Ovarian and tubal surgery. The role of ovarian and tubal surgery for treatment of chronic pelvic pain has not been clearly delineated. Torsion and tubo-ovarian abscesses will cause pain although generally not of a chronic nature. A tubo-ovarian abscess encountered must be appropriately drained and affected nonviable tissues resected. While the presentation of these conditions is usually acute the underlying condition may be of a chronic nature, as in rupture of an endometrioma. In the case of the tubo-ovarian abscess, antibiotic treatment can frequently be followed by CT scan guided aspiration of the pus, followed by continued antibiotic therapy, allowing the tissues to recover from acute inflammatory response. Then laparoscopic excision of the affected tissues can be performed with less danger of injury and more likelihood of successful therapy with the removal of the organs localized to the infection. Hematosalpinx or hydrosalpinx may result in chronic pelvic pain and should be drained or excised. Most ovarian cysts may be removed laparoscopically. Fifty-five benign ovarian cysts were identified in 35 patients treated laparoscopically for chronic pelvic pain. Sixteen women had bilateral polycystic ovarian disease, 12 endometriomas (4 bilateral), 5 simple cysts of the ovary, and 2 benign teratomas. Because of the chronicity of the pain and previous attempts at surgical therapy, 13 patient elected to have the ovary on the side of the pain removed. Polycystic ovaries were treated with laser drilling. Endometriotic cysts were resected from the ovary. The ovarian bed from which the cyst was resected was treated to establish hemostasis. Adhesions overlying the ovary or tubes are treated to re-establish normal anatomy and provide free movement of the fallopian tubes and ovaries as well as unimpeded discharge of the oocyte at the time of ovulation.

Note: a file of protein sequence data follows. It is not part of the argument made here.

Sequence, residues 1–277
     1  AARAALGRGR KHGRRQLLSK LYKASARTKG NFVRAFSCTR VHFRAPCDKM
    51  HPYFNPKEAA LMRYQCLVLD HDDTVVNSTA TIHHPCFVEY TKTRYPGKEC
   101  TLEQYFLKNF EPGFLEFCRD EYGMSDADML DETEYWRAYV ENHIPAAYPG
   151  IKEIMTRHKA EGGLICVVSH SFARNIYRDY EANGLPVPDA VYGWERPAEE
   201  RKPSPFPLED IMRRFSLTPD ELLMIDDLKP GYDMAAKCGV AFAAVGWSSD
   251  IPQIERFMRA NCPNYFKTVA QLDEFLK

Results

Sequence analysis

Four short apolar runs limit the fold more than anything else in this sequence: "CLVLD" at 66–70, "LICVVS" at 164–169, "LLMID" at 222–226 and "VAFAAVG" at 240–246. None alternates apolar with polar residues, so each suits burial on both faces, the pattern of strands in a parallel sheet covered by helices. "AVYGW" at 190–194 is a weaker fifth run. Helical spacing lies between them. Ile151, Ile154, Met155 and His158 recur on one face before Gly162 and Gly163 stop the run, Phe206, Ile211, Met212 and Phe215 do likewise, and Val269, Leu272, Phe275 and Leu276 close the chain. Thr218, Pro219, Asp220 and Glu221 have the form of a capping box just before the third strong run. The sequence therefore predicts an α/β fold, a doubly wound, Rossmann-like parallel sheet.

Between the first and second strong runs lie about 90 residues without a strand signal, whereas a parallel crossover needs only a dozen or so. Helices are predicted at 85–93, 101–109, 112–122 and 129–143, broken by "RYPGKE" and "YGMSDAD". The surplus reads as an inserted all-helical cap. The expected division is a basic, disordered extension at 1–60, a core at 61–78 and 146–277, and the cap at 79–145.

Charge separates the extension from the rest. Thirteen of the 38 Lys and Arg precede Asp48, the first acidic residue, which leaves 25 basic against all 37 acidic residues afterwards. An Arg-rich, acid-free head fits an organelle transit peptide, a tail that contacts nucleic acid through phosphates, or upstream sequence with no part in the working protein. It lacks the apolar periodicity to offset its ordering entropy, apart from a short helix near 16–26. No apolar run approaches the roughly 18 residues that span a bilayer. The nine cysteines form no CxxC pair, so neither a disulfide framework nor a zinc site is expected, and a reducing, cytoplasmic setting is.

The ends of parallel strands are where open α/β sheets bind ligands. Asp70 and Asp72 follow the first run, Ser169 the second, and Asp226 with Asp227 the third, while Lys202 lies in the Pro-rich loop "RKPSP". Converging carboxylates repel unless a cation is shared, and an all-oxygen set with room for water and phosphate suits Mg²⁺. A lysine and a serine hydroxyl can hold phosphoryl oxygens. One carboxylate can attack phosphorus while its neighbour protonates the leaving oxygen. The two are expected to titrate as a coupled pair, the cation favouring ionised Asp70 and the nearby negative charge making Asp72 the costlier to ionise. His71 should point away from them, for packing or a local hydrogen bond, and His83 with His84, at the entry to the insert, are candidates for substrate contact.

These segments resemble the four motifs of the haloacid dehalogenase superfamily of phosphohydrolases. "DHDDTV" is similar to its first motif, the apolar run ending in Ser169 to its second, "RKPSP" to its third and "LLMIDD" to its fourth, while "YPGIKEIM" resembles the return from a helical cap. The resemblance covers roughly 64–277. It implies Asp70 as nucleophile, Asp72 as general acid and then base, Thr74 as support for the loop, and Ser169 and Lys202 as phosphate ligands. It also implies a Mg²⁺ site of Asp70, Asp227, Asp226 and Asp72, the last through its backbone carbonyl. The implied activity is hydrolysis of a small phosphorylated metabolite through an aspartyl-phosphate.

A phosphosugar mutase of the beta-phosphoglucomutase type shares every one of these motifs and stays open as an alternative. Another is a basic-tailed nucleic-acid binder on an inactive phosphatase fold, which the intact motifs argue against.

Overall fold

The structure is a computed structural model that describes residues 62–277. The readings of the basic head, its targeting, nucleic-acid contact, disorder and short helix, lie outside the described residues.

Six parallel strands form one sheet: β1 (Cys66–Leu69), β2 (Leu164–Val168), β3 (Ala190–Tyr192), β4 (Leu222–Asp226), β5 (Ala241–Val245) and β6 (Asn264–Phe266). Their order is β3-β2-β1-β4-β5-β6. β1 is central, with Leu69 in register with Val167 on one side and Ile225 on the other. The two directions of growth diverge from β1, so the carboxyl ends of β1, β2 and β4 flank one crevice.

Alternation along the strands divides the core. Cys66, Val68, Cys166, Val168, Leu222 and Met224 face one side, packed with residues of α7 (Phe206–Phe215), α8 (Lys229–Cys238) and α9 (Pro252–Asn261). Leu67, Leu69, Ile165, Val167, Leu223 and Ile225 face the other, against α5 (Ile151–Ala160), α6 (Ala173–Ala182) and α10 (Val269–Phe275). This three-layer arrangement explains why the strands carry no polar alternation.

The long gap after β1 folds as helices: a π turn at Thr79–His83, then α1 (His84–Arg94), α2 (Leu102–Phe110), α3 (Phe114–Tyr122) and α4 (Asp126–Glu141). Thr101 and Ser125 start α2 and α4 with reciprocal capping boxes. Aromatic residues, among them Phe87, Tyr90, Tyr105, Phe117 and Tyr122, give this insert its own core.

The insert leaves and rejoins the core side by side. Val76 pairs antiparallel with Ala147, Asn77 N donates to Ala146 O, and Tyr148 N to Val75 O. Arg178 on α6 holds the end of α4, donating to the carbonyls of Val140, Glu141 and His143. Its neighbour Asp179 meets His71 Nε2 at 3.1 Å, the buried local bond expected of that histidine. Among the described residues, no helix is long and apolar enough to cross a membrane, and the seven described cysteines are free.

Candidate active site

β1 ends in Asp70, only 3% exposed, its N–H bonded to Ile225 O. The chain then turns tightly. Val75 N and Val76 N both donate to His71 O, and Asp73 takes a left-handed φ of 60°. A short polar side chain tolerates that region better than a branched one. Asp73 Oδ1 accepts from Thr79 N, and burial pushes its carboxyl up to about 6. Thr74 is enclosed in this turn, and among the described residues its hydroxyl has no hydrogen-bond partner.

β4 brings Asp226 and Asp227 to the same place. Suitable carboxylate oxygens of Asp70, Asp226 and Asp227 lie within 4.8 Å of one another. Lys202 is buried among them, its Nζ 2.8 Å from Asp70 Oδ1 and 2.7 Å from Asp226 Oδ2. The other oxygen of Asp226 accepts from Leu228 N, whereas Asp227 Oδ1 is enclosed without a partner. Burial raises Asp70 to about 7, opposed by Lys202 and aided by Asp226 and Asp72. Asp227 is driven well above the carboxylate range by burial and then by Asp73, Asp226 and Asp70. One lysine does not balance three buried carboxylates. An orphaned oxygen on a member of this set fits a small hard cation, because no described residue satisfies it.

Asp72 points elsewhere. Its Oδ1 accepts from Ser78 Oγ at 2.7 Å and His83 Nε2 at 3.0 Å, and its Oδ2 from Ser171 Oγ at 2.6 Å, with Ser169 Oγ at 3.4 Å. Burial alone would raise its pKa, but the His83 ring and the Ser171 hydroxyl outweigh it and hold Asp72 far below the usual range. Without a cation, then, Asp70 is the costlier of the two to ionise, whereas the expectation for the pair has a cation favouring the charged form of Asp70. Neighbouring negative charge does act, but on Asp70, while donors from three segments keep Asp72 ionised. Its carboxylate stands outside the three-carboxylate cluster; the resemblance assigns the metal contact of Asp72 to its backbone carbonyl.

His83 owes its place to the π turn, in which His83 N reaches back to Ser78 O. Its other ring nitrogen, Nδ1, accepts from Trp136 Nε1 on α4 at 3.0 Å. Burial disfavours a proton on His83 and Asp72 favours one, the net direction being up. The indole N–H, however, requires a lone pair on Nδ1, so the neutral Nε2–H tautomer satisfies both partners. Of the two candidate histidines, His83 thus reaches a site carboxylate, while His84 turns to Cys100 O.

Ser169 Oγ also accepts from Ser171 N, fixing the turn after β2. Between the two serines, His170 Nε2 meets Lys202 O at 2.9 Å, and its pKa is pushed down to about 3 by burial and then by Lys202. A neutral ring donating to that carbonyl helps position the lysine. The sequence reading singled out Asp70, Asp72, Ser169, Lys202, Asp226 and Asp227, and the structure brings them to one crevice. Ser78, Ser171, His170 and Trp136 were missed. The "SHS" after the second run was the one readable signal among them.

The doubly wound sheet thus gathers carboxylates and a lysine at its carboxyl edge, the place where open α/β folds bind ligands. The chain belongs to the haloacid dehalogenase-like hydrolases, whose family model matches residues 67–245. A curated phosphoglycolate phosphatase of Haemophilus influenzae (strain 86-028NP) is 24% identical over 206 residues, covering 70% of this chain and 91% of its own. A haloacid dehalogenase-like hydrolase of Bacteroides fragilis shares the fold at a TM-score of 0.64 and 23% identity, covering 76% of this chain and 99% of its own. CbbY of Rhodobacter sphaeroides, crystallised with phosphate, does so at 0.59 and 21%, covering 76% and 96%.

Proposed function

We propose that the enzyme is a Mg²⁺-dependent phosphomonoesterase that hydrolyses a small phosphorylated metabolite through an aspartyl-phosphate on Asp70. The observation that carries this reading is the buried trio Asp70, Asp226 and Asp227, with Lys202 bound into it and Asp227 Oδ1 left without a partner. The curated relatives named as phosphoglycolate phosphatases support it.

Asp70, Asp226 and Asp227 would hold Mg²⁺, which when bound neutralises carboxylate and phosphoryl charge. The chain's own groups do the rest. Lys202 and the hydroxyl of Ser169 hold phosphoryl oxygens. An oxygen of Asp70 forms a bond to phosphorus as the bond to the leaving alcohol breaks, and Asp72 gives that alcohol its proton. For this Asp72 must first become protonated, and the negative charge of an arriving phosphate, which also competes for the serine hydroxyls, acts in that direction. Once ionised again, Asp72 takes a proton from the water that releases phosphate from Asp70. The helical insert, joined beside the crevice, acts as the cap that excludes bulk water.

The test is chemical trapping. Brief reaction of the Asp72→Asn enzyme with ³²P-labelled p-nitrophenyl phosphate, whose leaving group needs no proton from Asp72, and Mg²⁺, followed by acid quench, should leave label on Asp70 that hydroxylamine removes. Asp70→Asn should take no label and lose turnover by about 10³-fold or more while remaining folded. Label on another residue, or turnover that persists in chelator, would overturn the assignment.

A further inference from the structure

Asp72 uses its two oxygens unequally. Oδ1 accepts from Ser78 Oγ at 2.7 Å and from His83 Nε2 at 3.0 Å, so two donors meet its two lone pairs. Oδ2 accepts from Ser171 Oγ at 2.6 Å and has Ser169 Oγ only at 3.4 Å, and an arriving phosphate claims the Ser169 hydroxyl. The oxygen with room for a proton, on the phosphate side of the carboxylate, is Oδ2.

Hysterectomy. Hysterectomy with bilateral oophorectomy was effective in women who failed to obtain long-term relief of pain with medical therapy. These women were diagnosed with pelvic congestion syndrome, although pathology revealed that 25% had adenomyosis. Of 99 women who underwent hysterectomy for chronic pelvic pain of at least 6 months' duration, and whose disease by symptoms and examination was confined to the uterus, 77.8% had significant improvement and 22.2% had persistent pain. For women requiring hysterectomy that cannot be performed vaginally, LAVH is preferable to TAH. Patients return to normal activity in two weeks rather than eight and their stay in the hospital is reduced 1.5 days. Patients whose pain was intractable to conservative therapies and who rated their pain as a 9 out of 10 underwent LAVH. The source of pain was primarily endometriosis and adenomyosis as well as adhesions and myomas. Six weeks after surgery pain was rated at 1.3 on average. 14. Laparoscopic treatment for endometriosis. When pain is persistent, a thorough examination is required and all potential causes of pain should be investigated. However, endometriosis often is the sole finding in women with incapacitating pelvic pain. A review of the role of laparoscopic surgery in the treatment of endometriosis concluded that laser laparoscopic cytoreduction of ectopic endometrial implants offers a reasonable degree of pain relief in mild, minimal, and moderate disease. Twelve percent of patients who suffered from recurrent disease required repeat laparoscopic surgery. The recurrences arose de novo and rarely occurred at previously treated sites unless the surgeon failed to remove deeply infiltrating disease completely in the uterosacral ligaments or the rectovaginal septum. These implants can infiltrate up to 15mm in depth. Complete surgical eradication of the disease resulted in pain relief in 81% of patients whose pain was due to endometriosis. However, 19% experienced recurrence of new disease in five years. Ovarian endometriomas are a source of severe chronic pain and their removal by stripping techniques or laser photovaporization of the capsule provides gratifying results in terms of relief.